CFRP

CFRP (carbon fiber reinforced polymer) tooling offers excellent value for larger volume production runs where hand lay-up production methods are used.

The low thermal expansion of a CFRP tool is perfect for applications where highly accurate, repeatable component geometry is required and the lightweight nature of CFRP makes it an excellent material choice for molding larger composite components.

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Material

CFRP molds are a good balance between cost and re-usability. For larger components CFRP molds are typically cheaper than an aluminium mold and are capable of producing a higher quantity of final components than tooling board molds.

When curing at elevated temperatures, a CFRP tool has much lower expansion due to its very low CTE (coefficient of thermal expansion) than an aluminium mold, leading to higher geometric consistency between the final parts and the original CAD, even with multiple uses.

We laminate to a 5.2mm standard thickness but we can produce thicker. Thicker molds increase the durability of the tool.

CFRP molds provide a superior surface finish, are lightweight and are great for complex geometries. Our supplier network contains autoclaves that can cure CFRP molds up to a size of 10m x 3m.

Additionally, we offer GRP (Glass Reinforced Polymer) molds which offer a slight cost saving over CFRP and are better suited for production runs where an ambient cure temperature is used, such as resin infusion or wet-lay.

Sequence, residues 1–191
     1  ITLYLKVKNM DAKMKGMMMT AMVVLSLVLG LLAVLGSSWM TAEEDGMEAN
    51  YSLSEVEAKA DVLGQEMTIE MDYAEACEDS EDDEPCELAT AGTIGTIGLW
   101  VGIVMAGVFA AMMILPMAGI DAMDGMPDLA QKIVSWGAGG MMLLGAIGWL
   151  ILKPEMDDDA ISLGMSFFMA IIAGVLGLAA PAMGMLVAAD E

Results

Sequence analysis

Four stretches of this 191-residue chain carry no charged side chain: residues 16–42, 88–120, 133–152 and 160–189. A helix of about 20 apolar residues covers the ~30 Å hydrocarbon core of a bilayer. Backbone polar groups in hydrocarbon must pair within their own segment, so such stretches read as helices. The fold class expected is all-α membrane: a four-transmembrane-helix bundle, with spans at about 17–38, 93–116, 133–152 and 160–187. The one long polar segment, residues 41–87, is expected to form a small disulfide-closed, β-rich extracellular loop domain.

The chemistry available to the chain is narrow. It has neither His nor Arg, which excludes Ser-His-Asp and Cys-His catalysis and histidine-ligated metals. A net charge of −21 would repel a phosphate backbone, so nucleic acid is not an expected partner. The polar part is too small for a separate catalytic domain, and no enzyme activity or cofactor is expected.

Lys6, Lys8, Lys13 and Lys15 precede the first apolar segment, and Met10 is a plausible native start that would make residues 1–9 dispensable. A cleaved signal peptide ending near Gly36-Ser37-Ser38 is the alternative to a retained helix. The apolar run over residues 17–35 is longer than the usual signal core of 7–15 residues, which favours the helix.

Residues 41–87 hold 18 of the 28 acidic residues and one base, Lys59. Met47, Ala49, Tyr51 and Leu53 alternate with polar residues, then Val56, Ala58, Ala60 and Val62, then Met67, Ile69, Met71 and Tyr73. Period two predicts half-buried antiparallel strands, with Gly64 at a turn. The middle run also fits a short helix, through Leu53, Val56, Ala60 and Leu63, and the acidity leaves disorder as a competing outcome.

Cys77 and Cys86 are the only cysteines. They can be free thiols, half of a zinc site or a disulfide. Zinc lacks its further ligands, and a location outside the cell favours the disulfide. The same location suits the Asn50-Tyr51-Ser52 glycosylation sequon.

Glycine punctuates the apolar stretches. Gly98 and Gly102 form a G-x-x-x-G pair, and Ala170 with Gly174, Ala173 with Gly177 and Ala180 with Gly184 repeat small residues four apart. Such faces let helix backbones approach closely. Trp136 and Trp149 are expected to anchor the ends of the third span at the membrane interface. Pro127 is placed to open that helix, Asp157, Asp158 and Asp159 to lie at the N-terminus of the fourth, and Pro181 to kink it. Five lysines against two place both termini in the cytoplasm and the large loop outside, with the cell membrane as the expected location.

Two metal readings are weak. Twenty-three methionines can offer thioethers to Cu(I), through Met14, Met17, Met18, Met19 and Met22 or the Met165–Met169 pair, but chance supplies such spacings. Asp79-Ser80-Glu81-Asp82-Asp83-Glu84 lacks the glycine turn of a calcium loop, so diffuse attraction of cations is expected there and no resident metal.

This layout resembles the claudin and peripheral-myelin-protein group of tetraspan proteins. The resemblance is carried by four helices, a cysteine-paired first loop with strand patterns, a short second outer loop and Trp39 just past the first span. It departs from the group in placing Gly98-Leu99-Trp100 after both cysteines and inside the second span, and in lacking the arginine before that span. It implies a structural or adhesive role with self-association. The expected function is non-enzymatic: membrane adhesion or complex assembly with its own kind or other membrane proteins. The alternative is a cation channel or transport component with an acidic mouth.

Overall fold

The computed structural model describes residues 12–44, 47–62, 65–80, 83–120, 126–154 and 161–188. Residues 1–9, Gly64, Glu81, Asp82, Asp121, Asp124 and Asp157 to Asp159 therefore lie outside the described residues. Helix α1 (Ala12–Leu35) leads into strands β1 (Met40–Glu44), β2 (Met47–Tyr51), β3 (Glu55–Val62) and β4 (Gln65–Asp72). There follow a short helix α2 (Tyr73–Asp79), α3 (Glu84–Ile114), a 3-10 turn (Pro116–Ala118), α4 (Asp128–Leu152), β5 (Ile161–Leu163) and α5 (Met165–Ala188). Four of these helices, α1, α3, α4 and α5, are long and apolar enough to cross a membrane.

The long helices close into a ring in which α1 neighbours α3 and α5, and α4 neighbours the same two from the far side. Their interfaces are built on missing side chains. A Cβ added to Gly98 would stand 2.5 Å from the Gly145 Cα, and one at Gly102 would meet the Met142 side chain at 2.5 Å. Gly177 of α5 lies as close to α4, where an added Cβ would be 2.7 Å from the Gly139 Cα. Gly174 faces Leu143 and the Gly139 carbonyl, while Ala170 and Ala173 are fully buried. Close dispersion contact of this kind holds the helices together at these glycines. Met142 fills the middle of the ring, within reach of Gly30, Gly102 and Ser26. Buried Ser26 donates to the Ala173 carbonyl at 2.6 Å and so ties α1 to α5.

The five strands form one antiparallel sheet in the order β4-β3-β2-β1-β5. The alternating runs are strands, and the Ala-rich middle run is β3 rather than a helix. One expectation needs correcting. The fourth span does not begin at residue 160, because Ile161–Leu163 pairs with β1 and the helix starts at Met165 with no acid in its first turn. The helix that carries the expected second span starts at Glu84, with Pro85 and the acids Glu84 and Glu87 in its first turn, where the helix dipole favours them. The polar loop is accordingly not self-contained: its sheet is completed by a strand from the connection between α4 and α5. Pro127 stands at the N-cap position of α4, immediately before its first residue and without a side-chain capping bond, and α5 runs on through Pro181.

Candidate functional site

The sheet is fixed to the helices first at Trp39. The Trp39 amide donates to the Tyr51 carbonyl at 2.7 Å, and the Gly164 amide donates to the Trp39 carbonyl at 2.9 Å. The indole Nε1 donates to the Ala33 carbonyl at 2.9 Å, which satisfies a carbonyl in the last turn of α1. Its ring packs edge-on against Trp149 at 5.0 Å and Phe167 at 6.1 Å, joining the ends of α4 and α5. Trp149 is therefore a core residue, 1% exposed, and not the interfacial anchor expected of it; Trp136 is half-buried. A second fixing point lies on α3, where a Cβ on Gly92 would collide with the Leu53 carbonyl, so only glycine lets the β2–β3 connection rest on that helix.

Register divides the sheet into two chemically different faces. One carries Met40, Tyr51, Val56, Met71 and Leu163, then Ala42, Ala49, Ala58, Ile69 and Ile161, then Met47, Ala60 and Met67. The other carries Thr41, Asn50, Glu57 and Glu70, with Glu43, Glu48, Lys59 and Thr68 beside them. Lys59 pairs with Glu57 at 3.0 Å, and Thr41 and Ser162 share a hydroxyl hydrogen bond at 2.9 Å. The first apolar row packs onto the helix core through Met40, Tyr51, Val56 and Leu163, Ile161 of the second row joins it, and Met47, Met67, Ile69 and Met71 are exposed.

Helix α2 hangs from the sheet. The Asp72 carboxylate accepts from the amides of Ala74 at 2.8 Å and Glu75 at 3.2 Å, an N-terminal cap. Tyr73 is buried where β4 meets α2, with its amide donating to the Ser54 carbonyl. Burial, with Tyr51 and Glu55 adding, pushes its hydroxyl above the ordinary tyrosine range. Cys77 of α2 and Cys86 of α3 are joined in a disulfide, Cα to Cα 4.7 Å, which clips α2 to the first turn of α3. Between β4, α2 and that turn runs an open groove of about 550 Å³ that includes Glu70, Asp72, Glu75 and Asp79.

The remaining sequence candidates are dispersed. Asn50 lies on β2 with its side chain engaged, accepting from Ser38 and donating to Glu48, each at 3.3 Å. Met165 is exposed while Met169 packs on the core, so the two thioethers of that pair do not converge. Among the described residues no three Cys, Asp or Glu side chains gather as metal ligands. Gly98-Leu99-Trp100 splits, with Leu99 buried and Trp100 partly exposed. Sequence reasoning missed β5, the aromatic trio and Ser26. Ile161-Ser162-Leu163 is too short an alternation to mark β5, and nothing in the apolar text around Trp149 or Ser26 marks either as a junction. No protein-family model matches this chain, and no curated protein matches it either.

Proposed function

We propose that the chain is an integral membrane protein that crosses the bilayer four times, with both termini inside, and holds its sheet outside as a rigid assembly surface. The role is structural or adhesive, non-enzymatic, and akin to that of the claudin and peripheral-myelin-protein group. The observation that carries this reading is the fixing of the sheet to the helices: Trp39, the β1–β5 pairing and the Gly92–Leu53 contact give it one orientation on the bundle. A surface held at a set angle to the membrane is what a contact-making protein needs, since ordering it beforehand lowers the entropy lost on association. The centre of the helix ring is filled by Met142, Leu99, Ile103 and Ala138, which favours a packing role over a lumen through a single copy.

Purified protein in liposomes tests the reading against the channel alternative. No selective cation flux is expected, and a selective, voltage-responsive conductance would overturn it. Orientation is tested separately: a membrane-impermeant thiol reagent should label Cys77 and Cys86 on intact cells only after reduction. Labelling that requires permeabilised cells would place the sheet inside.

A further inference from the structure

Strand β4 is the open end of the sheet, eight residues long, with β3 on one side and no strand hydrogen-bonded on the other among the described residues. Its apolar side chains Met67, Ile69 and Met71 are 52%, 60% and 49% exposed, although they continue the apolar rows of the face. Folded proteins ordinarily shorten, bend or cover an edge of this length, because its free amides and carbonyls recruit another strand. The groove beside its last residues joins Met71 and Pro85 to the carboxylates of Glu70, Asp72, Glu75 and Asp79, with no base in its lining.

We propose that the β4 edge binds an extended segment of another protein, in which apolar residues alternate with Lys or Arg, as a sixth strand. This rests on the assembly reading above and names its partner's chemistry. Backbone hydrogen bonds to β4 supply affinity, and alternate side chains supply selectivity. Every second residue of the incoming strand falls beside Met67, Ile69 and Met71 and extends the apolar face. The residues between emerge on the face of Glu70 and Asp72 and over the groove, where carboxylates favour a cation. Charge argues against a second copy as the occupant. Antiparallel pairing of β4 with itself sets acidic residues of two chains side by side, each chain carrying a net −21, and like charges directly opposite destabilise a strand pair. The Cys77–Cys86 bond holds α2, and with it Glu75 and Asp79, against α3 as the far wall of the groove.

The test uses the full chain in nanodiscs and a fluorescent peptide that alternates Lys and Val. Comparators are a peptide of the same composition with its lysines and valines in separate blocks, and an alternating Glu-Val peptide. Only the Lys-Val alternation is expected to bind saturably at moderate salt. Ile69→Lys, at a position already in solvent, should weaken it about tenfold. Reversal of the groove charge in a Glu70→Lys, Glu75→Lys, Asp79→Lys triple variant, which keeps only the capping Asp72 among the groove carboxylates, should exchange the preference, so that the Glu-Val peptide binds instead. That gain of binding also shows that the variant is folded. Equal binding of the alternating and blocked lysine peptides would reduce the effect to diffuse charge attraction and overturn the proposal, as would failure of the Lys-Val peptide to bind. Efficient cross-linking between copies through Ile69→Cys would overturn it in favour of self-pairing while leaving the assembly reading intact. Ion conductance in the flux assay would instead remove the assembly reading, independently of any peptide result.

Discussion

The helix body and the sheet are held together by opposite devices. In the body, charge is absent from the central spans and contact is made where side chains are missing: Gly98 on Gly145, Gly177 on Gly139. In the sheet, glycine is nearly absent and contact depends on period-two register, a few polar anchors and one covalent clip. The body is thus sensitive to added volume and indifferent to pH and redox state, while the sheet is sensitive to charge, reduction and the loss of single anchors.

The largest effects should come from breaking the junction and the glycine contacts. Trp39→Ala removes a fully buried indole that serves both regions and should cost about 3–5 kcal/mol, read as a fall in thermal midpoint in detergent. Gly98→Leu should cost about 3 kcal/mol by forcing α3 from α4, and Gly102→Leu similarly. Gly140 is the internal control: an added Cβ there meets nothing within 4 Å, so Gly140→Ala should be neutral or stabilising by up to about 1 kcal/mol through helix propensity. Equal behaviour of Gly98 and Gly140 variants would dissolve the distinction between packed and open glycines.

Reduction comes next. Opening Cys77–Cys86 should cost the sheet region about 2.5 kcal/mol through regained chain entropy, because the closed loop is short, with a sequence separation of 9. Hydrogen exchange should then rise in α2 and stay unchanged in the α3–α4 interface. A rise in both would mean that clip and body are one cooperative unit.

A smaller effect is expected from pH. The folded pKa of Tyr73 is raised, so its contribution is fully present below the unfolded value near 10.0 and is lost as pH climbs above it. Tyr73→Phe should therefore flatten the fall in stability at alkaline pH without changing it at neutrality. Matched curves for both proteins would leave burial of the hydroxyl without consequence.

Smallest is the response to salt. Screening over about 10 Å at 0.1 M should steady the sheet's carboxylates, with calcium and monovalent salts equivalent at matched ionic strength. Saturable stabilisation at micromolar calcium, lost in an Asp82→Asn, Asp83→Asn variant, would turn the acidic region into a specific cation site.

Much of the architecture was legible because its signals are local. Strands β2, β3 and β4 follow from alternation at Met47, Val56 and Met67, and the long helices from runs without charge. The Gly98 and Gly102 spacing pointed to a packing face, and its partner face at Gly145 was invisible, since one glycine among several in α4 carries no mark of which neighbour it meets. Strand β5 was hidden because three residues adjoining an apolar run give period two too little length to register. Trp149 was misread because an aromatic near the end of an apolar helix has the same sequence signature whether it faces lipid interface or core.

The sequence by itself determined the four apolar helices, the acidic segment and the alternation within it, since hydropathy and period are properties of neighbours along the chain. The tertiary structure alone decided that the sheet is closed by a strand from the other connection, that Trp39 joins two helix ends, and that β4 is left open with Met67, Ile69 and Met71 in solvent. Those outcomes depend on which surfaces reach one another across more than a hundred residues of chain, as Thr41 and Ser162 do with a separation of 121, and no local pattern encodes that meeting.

Application

A CFRP mold is suitable for manufacturing composite components using these processes:

Manufacture

CFRP molds are made by creating a pattern (reproduction) of the component using another material - typically epoxy tooling board.

The mold is formed by laminating pre-preg carbon fiber onto the pattern and curing the resin.

  1. Plyable takes your component CAD model and tools are designed.

  2. Epoxy tooling board patterns are manufactured to the correct geometry on a 5-axis CNC mill.

  3. The pre-preg composite material is laminated by hand in layers on the pattern until the desired thickness/strength of mold is achieved.

  4. The laminate stack in cured under pressure in an autoclave. The assembled mold is then cured a second time to harden to the required service temperature (Tg).

  5. Molds are trimmed and polished to a high-gloss finish.

  6. Inspected for quality and shipped.